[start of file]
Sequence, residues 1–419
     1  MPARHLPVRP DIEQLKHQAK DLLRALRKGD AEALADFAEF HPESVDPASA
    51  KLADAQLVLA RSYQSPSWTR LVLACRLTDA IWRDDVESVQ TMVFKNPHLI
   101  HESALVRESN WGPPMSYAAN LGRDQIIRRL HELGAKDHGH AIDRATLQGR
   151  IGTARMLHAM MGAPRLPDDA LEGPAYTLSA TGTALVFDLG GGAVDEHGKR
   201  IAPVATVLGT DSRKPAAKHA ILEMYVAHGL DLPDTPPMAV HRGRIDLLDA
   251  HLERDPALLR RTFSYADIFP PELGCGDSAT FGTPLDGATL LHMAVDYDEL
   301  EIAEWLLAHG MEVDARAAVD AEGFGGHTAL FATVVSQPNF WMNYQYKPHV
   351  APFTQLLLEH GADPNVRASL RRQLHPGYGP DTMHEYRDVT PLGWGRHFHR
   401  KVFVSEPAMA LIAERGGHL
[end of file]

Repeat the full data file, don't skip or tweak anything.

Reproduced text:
Sequence, residues 1–419
     1  MPARHLPVRP DIEQLKHQAK DLLRALRKGD AEALADFAEF HPESVDPASA
    51  KLADAQLVLA RSYQSPSWTR LVLACRLTDA IWRDDVESVQ TMVFKNPHLI
   101  HESALVRESN WGPPMSYAAN LGRDQIIRRL HELGAKDHGH AIDRATLQGR
   151  IGTARMLHAM MGAPRLPDDA LEGPAYTLSA TGTALVFDLG GGAVDEHGKR
   201  IAPVATVLGT DSRKPAAKHA ILEMYVAHGL DLPDTPPMAV HRGRIDLLDA
   251  HLERDPALLR RTFSYADIFP PELGCGDSAT FGTPLDGATL LHMAVDYDEL
   301  EIAEWLLAHG MEVDARAAVD AEGFGGHTAL FATVVSQPNF WMNYQYKPHV
   351  APFTQLLLEH GADPNVRASL RRQLHPGYGP DTMHEYRDVT PLGWGRHFHR
   401  KVFVSEPAMA LIAERGGHL